Vermont, like so much of New England, has a rich history of industry and commodity centered around its forests. The state’s abundance of maple, poplar (pronounced ‘popple’ in the Northeast Kingdom), and other useful woods have afforded people with boundless opportunity for centuries.

Image credit Mendocino Coast Model Railroad and Navigation Company

It is easy to recall the history lessons taught in school of colonial lumberjacks using oxen teams to skid timber through tree stands and make their ways to rivers, loading their take into the current which would carry them to places far away, or dropping them at a mill built on the side of the river where the moving water would supply the power necessary for sawyers to cut the harvested trees into planks. I was always fascinated as a child by the amazing amount of work that went into these endeavors, so much so that it seemed almost unreal, that these people in the past were something of a different breed of human in their capacity of toil and build (something I still believe now). Not having grown up with the need for hard manual labor to survive with basic amenities, I was somewhat insulated from the hard reality of just how much it might take to fell a tree, drive oxen to skid it through the forest, and send it on its way.

Cheaver Falls provides the opportunity to reimagine this sort of life with physical evidence of days gone by still preserved on the steep sides of a fast-moving river. Located in Walden Vermont, it is another well-hidden water destination for anyone to travel to in Vermont, from the locals and visitors alike. And like so many objects of fascination in the rural landscape, you’d never know it was there if you didn’t know what you were looking for.

The hike in to the falls takes a good twenty to thirty minutes, depending on recent weather. The path is wet, sometimes downright soppy, winding its way through dense forest and patches of clearing. More likely it will have rained in the last day or two – that’s just how it goes in Vermont – so it will likely be slow going on the trail and take a full thirty minutes to reach the falls. You will occasionally be graced with the helpful work of a landowner or some other inspired soul who has endeavored to spread gravel or position planks over a parrtiularly wet spot. The path into Cheaver Falls is one of the many places in the area that simply does not dry out, ever. Steady rain, wet earth, and heavy tree cover create an environment of perpetual wetness. Bring your hiking boots, or perhaps your Wellies if it’s been wet.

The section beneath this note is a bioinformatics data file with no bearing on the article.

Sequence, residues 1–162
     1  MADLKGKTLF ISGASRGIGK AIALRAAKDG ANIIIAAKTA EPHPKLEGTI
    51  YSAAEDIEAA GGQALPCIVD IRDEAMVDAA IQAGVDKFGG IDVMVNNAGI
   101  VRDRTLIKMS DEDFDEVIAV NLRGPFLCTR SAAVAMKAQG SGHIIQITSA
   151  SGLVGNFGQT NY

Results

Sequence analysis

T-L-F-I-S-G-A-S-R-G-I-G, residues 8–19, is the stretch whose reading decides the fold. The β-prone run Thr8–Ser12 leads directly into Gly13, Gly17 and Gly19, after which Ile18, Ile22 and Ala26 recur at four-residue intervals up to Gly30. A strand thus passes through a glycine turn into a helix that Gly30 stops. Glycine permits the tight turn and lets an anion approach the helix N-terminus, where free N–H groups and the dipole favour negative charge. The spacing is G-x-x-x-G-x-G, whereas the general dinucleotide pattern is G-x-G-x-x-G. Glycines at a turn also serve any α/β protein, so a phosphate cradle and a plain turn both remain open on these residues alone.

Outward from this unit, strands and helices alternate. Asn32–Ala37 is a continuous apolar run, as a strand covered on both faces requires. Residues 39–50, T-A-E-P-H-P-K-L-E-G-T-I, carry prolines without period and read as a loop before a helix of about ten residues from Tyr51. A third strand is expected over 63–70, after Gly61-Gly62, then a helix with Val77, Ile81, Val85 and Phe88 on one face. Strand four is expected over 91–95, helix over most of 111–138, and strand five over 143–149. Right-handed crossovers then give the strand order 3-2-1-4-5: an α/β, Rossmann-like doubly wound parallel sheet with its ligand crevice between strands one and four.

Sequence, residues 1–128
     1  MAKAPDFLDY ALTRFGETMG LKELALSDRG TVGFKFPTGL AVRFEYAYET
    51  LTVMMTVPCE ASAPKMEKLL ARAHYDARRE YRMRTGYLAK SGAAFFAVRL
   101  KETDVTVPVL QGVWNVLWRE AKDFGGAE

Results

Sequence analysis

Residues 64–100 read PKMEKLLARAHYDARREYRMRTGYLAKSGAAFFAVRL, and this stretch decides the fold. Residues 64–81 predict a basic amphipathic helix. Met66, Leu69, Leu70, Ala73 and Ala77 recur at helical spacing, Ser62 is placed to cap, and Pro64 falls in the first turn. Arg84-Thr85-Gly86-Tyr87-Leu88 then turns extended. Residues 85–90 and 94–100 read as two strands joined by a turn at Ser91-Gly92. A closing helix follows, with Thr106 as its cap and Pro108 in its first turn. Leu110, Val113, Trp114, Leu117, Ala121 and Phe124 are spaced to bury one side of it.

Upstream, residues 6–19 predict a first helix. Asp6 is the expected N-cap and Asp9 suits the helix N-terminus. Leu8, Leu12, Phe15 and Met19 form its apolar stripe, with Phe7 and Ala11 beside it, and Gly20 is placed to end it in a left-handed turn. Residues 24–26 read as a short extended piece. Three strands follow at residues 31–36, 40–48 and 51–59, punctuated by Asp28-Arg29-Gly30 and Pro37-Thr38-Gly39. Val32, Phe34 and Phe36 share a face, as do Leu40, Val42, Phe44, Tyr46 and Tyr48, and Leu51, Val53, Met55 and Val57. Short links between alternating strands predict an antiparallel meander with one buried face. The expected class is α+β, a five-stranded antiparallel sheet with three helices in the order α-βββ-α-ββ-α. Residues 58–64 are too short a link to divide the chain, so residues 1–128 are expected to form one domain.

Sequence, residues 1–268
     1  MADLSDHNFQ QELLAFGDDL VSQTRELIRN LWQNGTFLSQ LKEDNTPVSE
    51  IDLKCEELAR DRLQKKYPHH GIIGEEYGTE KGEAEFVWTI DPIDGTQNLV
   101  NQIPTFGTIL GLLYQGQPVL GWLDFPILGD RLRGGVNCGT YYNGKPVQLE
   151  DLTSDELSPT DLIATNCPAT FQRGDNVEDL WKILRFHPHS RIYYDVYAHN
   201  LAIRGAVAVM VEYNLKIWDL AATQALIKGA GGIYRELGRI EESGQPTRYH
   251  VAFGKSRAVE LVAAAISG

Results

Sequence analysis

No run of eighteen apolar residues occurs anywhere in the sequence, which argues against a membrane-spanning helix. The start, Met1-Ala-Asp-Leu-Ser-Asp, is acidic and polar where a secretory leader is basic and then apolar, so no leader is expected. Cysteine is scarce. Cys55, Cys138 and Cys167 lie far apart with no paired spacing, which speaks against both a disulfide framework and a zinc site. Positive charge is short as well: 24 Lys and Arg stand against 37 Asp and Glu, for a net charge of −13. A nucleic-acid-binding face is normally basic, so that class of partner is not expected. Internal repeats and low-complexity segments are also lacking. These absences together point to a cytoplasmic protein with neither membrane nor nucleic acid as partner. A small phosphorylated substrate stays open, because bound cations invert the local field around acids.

The falls themselves are a wonderful place. The small and steadily moving river comes around a bend just upstream from the fall and picks up a bit of steam before plunging over and down approximately twenty feet to continue its journey to the Connecticut River and beyond. A small clearing by the side of the waterfall includes a couple rough-hewn benches and a fire pit which seems to see frequent use; an ambitious soul could bring provisions for a stick-skewered lunch roasted over a small fire accompanied by the rushing sounds of the tumbling water.


Just ahead of the falls is a thigh-deep pool of water that flows slowly toward the precipice of the falls. The water is usually quite cold but it’s a perfect spot for taking a dip – unless there has been heavy rainfall in the last couple days, the current is not sufficiently strong to pull a person toward the falls. There are also a few smaller pools upstream that are good for dunking.


An entirely different perspective of the place is available after you climb down the steep path after the falls and look back upstream. There you will see the remnants of an old sawmill which diverted a small portion of water from the falls to run its mill. A steady flow of water, plus the a twenty foot drop, makes the location perfect for such a thing. The stone walls built into the sheer side of the falls is in remarkably good condition, despite a bit of out-of-place graffiti.

All in all Cheaver Falls is a great place to visit, particularly if you are traveling through the area and have a couple hours to spend exploring the woods and water that make up so much of this part of the world. It’s especially nice on a sunny day – breaking through the tree cover at the end of the path and walking out into the cleared space beside the falls in full sunlight is a warming and wonderful experience.